Natural nutrients can greatly reduce the risk of developing cancer, even in people who have the most deadly habits, such as smoking. One study found smokers with high levels of vitamin B6 and certain proteins in their blood had a 60 percent lower risk of getting lung cancer than smokers who were deficient in the nutrient. These seven nutrients allow you to enjoy delicious foods while building your defenses — even fighting the "Big C."
A German study reported in the American Journal of Clinical Nutrition found that people who had the highest blood levels of a type of vitamin K (K2) in the blood that's found in cheese had a 28 percent lower chance of dying of cancer than those with the lowest intake, and those with the highest levels had half the risk of dying of lung cancer than those with the lowest levels. In other studies, vitamin K has been shown to inhibit the growth of cancer cells and to encourage apoptosis — the process by which abnormal cells commit suicide.
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Vitamin D. A study by cancer prevention specialists at the Moores Cancer Center at the University of California found that high amounts of vitamin D could slash colorectal cancer rates by two-thirds. According to a study published in the British Medical Journal, people with the highest levels of vitamin D in their blood lowered their risk of colorectal cancer by almost 40 percent when compared to patients with the lowest levels. Sunlight is turned into Vitamin D by the body, and the vitamin is also found in foods.
Vitamin B6. A Swedish analysis of 13 studies found that pyridoxal-phosphate (PLP), the main active coenzyme form of vitamin B6, lowered the risk of developing colon cancer by 21 percent. A European study of almost 400,000 adults found that adults with higher levels of B6 in their blood had half the risk of developing lung cancer as those with low B6 levels. B6 is found in vegetables, cereals, poultry, and fish. "Reducing risk by 50 percent is quite impressive," study author Dr. Paul Brennan with the International Agency for Research on Cancer, told CNN. "It's more than one would expect by differences in diet."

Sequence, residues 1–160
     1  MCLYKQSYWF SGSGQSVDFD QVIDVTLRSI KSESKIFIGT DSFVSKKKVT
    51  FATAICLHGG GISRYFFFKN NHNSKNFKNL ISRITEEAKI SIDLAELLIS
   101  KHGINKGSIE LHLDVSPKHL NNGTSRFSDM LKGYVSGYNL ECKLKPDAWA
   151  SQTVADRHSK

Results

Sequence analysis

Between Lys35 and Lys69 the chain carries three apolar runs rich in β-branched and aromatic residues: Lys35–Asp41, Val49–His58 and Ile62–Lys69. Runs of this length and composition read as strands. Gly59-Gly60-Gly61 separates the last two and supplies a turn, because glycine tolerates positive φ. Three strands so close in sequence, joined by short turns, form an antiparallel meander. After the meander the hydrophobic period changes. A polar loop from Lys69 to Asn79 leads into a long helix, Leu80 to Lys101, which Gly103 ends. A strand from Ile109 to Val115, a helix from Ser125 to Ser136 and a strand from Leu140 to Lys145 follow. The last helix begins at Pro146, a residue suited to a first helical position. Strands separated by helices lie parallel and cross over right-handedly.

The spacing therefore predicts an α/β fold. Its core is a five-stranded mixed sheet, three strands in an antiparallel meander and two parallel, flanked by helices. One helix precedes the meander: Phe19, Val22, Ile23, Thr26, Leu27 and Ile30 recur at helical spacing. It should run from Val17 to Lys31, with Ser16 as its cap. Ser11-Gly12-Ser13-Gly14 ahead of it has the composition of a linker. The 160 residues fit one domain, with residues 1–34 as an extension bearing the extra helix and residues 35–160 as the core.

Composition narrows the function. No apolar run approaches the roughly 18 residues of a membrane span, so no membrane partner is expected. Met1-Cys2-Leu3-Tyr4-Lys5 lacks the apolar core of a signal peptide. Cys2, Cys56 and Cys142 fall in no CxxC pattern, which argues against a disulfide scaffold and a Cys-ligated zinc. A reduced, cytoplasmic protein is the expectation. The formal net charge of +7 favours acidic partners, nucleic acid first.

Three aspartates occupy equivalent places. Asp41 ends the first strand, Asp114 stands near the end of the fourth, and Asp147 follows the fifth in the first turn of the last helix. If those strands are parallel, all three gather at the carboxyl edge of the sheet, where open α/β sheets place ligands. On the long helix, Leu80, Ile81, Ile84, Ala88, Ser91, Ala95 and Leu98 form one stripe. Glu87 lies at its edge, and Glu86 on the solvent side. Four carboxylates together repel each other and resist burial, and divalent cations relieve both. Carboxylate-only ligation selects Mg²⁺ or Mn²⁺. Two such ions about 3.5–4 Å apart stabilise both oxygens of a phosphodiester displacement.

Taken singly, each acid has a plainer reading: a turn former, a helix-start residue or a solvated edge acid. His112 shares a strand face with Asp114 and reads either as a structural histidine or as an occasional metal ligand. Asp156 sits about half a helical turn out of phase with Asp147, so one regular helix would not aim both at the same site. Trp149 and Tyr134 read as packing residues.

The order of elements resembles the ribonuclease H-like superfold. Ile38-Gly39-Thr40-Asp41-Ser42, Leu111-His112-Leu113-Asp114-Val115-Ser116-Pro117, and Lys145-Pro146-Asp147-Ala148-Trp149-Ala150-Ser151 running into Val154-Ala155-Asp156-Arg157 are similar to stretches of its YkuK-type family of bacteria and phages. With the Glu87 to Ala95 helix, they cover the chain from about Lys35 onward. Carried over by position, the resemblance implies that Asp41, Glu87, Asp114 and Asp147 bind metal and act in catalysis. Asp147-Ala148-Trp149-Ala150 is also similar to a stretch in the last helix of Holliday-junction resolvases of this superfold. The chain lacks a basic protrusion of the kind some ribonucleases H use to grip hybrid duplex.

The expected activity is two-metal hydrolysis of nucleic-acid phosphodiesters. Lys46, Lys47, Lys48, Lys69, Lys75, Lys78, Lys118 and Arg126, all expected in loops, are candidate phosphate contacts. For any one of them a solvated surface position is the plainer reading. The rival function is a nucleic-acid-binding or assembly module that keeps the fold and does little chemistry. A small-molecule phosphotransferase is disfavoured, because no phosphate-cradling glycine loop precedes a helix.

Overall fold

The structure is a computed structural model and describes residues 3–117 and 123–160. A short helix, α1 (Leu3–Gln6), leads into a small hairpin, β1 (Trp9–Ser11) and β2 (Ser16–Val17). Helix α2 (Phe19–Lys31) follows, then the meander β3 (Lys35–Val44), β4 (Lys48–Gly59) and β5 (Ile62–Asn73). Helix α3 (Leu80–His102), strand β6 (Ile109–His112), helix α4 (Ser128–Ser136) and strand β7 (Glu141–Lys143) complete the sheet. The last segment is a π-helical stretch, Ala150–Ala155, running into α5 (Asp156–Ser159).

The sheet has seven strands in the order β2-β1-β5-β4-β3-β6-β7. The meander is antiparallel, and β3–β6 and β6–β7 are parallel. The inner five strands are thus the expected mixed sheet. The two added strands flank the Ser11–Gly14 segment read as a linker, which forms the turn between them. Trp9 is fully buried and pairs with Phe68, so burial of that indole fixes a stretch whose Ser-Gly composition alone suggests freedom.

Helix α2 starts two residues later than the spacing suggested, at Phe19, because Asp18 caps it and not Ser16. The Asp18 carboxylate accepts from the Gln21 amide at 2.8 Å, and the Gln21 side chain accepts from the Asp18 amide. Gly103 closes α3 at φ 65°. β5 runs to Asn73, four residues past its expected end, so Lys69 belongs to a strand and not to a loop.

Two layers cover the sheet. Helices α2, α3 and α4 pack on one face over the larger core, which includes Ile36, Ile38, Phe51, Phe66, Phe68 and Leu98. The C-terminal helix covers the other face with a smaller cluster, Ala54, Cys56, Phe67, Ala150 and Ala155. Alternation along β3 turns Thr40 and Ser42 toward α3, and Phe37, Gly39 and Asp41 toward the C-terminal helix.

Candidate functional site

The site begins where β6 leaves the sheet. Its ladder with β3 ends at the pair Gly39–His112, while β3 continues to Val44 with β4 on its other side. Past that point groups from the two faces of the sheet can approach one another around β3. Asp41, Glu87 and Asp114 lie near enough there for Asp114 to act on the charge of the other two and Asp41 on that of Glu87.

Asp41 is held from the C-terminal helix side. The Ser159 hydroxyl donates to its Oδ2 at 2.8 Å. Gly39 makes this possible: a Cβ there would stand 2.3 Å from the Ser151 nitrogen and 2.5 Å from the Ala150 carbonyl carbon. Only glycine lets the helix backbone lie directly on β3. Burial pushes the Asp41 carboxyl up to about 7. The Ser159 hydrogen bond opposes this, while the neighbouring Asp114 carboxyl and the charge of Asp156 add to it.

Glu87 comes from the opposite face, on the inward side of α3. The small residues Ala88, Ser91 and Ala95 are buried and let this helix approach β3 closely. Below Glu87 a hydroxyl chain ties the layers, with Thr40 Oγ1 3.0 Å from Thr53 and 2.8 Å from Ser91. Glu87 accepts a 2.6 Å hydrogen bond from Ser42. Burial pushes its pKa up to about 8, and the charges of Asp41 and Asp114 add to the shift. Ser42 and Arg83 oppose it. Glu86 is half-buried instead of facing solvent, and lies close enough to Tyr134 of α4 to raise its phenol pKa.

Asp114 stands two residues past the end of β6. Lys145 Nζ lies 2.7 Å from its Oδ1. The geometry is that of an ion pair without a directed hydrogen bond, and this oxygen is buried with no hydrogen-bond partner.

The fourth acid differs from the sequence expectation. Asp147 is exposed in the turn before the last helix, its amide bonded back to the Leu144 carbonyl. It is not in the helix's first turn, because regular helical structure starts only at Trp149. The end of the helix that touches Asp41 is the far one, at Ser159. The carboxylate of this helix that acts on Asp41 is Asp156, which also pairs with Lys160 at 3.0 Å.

Quercetin. A flavonol found in plants, quercetin inhibits the ability of cancer cells to replicate themselves. It appears to be attracted to damaged cells, bonds to them, and prevents them from multiplying. Cancer.org reported that one study of people with a tendency to develop colon cancer found that a combination of quercetin and curcumin supplements decreased the number and size of precancerous polyps. One animal study discovered that quercetin prevented changes in the colon that lead to colon cancer.
Quercetin may help prevent breast, prostate, ovarian, and lung cancer. Onions, apple skins, and red wine are good sources, and quercetin can also be purchased as supplements.
EGCG (epigallocatechin gallate). A polyphenol, EGCG is a powerful anticancer component of tea. Scientists have found that EGCG inhibits the growth of hormone-sensitive cancers, such as breast and prostate cancers. Research also shows that EGCG inhibits leukemia, multiple myeloma, melanoma, and reduces the growth of lung cancer. "A recent study from Japan found that EGCG suppresses the metastasis of colon cancer," says Dr. Russell Blaylock, author of "The Blaylock Wellness Report." EGCG is found in green tea, and can be bought as a supplement.
Turmeric. Turmeric, the spice used in many Indian dishes, is believed to be an ally in preventing colon cancer because it inhibits the production of an enzyme related to inflammation (cyclo-oxygenase 2 or COX-2), which is believed to be high in cancer victims, as well as in those who suffer from inflammatory diseases. A study at the University of Missouri found that curcumin, the active ingredient in turmeric, decreased the incidence of progestin-accelerated breast tumors in animals. It also delayed onset of the disease and reduced the incidence of multiple tumors.
Ginger. Researchers have discovered that ginger helps kill cancer cells in two ways. First, it works by apoptosis in which the cancer cells commit suicide but leave healthy cells unharmed. Second, by autophagy, a process by which the cells digest themselves. Scientists are studying ginger's effect on ovarian cancer. “Most women develop resistance to conventional chemotherapy drugs,” Dr. J. Rebecca Liu told WebMD. "Because ginger may kill cancer cells in more than one way, researchers are hopeful that patients would not develop resistance to it."
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